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The infection team at St Mary’s Hospital is reminding Islanders why it is important to only take antibiotics when we really need them, as part of World Antibiotics Awareness Week (16th-22nd November).

Antibiotics are essential to treat serious bacterial infections such as pneumonia, meningitis and sepsis. They also help to protect people that are vulnerable to infections from other health conditions, helping ward off infections during chemotherapy, caesarean sections and other surgeries.

But taking antibiotics when you don’t need them for illnesses like coughs, earache and sore throats that can get better by themselves puts you and your family at risk, as this encourages harmful bacteria that live inside you to become resistant.

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Dr Emily Macnaughton, Consultant Microbiologist at St Mary’s Hospital says antibiotic resistance is a real concern, but that we can all do our part to keep antibiotics working:

“Antibiotic resistance occurs when bacteria develop ways to stop antibiotics from working. The more antibiotics are used, the more likely antibiotic resistance will occur and when resistant bacteria cause an infection it is much more difficult to treat.

“Common conditions like kidney infections and pneumonia have already started to become untreatable so it is really important to always take your doctor, nurse, midwife or healthcare professional’s advice on antibiotics and only take them when really needed.

“We are all very familiar with the need to wash our hands more often and by washing your hands regularly, and properly, you can reduce your risk of contracting bacterial infections too. It is simple advice but as we have seen with COVID-19, it can make a big difference to reducing the transmission of viruses and infections.”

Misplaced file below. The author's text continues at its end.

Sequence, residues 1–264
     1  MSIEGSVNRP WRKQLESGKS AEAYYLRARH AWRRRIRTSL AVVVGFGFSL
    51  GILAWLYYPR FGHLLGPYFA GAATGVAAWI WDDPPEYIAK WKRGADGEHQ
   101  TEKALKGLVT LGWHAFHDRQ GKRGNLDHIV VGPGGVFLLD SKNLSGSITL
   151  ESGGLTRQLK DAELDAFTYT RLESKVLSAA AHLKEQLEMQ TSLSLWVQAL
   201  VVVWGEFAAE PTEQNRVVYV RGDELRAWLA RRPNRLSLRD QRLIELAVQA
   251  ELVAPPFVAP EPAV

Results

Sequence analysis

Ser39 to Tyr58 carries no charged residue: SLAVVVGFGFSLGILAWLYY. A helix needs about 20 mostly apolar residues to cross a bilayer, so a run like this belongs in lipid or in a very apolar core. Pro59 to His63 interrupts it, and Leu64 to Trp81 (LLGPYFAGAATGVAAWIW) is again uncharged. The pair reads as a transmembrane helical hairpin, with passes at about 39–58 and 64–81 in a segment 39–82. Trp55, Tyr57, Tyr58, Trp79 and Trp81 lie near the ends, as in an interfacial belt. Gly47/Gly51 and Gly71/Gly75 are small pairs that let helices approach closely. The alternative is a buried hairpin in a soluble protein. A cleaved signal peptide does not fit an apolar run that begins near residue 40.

How we can all do our bit to help protect antibiotics:

  • Ask your pharmacist to recommend medicines to help treat cold or flu symptoms or pain
  • If prescribed take antibiotics exactly as prescribed, never save them for later, never share them with others.
  • Do not request antibiotics for cold and flu symptoms or other infections which are likely to be viral e.g. sore throat, ear infection, shingles
  • To spread the word, tell your friends and family about antibiotic resistance

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The views/opinions expressed in these comments are solely those of the author and do not represent those of Island Echo. House rules on commenting must be followed at all times.
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1 month ago

The GP’s are the one’s that are prescribing them, you can’t ask patients to “do their bit” by not taking the medication the Dr has given to them. If the Dr suspects that it is viral they should not prescribe them, regardless of what the patient is requesting.

Cassie Ra
Cassie Ra
Reply to  Pete
1 month ago

Totally agree its not like you can by them over the counter. Especially now doctors are prescribing them over the phone, with out examining patients

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